If it's not to your liking, just go back and do some fine tuning on the fine sandpaper.
<p>You know how you can sharpen a knife on the bottom of a mug (or other unglazed ceramic surface)? I noticed that my tweezers weren't as grabby as they once were, so I thought I'd try sharpening them with the mug.</p><p>I scraped one side at a time, using a pinching motion, maybe 5 - 10 passes on each side? I tested their sharpness by plucking at a really short arm hair (maybe 1/16&quot;?), and they worked!</p><p>I went off to do something else, so I didn't get a chance to fully complete the task, but unless I was imagining it, I think the mug method would work for sharpening tweezers, as well!</p><p>Worth a try for anyone who doesn't have sandpaper lying around, since we probably all have at least one mug/plate/bowl that's made of ceramic. You'll know it's working, if you see metal scrapings along the unglazed ring.</p>
<p>Excellent instructions! I'd been trying to figure out a method on and off for about a week! This got the job done in &lt; 10 minutes. Thanks much!</p>
You just saved me $$$ which makes you my bestest friend in the whole wide world! <br>This worked like a CHARM!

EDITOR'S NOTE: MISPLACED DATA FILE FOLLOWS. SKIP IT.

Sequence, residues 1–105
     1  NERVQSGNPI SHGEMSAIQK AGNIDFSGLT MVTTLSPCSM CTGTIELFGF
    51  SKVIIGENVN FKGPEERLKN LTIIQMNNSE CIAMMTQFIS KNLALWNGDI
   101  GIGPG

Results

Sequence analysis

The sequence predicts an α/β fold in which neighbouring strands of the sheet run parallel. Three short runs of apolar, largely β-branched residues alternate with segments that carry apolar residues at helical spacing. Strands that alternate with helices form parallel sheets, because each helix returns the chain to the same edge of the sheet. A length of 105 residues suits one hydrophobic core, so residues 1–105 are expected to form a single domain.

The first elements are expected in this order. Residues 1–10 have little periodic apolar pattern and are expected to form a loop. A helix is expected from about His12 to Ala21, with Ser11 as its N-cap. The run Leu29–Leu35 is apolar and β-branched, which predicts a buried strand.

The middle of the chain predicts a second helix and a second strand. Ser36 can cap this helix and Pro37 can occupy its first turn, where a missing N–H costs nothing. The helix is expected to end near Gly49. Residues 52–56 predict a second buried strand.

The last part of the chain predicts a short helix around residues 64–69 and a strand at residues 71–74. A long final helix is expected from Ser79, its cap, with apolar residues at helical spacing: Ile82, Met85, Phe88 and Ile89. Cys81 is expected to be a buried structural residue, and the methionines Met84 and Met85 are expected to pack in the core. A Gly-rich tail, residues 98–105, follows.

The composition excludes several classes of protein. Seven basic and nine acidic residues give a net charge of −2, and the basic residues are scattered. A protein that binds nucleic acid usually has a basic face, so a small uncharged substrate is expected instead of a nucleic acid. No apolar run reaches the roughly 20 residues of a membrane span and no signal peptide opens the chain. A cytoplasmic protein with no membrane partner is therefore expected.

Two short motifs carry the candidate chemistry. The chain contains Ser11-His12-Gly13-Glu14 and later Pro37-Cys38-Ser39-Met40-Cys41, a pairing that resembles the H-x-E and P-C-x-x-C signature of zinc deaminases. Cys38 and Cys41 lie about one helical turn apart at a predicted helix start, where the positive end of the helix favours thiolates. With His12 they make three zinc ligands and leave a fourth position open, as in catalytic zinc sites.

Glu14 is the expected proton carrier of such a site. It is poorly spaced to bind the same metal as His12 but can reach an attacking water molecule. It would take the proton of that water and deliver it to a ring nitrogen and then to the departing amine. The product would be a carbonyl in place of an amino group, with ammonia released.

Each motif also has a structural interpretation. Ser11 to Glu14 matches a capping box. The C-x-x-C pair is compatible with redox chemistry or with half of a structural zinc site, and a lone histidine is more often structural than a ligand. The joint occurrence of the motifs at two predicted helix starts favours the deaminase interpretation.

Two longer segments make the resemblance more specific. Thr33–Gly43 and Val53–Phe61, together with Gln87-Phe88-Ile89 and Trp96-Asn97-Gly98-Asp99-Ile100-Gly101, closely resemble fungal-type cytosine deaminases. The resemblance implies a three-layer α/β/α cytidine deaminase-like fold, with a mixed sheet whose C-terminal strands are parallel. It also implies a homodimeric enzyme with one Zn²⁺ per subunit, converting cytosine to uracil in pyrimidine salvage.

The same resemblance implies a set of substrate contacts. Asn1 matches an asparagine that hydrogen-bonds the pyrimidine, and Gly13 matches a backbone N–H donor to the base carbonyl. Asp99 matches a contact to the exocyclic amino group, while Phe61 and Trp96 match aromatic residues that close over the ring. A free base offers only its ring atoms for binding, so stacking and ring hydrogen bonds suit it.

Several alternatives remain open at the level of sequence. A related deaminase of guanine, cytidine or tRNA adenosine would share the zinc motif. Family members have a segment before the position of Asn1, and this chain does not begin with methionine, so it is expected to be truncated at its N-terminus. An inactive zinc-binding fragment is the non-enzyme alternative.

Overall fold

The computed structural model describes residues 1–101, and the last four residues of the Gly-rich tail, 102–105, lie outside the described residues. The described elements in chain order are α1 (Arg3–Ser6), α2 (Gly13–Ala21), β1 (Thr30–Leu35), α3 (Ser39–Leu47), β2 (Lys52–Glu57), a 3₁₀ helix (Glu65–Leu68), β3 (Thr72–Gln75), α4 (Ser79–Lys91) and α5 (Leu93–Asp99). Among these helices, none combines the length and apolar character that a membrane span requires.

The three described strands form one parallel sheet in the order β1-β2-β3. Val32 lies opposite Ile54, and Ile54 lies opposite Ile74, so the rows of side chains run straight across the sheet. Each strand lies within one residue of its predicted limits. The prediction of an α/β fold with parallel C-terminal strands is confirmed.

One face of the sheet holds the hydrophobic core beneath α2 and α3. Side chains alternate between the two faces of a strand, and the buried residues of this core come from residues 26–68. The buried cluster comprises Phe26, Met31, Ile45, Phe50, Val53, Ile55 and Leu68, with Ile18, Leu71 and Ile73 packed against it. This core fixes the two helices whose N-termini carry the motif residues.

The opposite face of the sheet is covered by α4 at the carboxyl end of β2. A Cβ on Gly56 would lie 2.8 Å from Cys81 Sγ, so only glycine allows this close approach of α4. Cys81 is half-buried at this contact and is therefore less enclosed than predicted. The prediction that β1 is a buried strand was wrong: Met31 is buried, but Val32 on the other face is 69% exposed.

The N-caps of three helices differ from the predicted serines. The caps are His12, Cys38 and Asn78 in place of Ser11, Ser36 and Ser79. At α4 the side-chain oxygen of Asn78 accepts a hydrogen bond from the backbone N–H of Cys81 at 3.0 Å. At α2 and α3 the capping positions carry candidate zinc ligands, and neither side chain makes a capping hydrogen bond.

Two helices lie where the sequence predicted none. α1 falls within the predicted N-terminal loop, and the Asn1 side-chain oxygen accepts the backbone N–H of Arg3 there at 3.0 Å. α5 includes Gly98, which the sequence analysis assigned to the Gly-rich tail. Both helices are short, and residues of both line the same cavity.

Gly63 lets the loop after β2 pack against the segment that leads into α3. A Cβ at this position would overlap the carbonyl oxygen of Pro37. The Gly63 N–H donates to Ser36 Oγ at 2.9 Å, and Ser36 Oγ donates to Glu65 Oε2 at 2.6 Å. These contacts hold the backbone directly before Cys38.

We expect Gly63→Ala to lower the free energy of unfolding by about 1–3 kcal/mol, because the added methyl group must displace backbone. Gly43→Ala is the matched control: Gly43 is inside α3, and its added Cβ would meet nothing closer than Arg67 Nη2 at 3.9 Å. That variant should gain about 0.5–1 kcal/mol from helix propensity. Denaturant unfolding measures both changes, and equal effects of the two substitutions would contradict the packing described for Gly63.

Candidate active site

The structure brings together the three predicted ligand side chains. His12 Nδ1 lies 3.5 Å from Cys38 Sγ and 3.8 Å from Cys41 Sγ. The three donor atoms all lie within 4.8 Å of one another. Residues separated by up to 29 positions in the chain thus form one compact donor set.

Thank you so much for these directions. I have two older tweezers, one round-tip and one slant-tip. They were made back when things were supposed to last and of high quality. They were not grabbing hair as they once did and all my old tricks failed to work to fix them. Did as your instructions said and they are as good as new. Again thanks!
So my husband drops my la cross premium tweezers on a slate floor. <br>This totally worked! Am so grateful! Thank you thank you!
thanks....already on my way to find some sandpaper
I did it just like you said - used a metal ruler as my thin piece of metal, works fantastic! Thank you - a good pair of tweezers is easily 30 dollars and if you drop them one time they are shot. I was able to totally sand away the kink from the end of a pair and then just make them a bit shorter. I even used the same principle on two pairs of small scissors - amazing, they are so sharp now they will be a pleasure to use.
I found that using my Dremel worked great for doing just this when I did it a couple months back. Just pinch around the sandpaper bit and your done in 5 seconds.
Very useful - thanks! And after over 20 years of tweezing my eyebrows to shape, I don't have as many stray hairs to pull out these days. But still need to sharpen the household tweezers for things like splinters. :D
I'm definitly doing this! Thanks!
I have a few pairs of tweezers that are worth keeping and yet blunt. Now I know how to restore them, thank you.
Well done very useful instructable. A+
Jeesh. It's going to take *forever* to remove all your arm hair with those things.<br/>
I'll have to try this, I always wondered how to fix a pair of tweezers after they stopped working right.

About This Instructable

203,263views

76favorites

License:

Bio: I've worked for Instructables off and on since 2006 building and documenting just about everything I enjoy doing. I am now the Creative Programs ... More »
More by noahw:How to Send Art Into Outer Space Cómo soldar 意式烤面包食谱 
Add instructable to: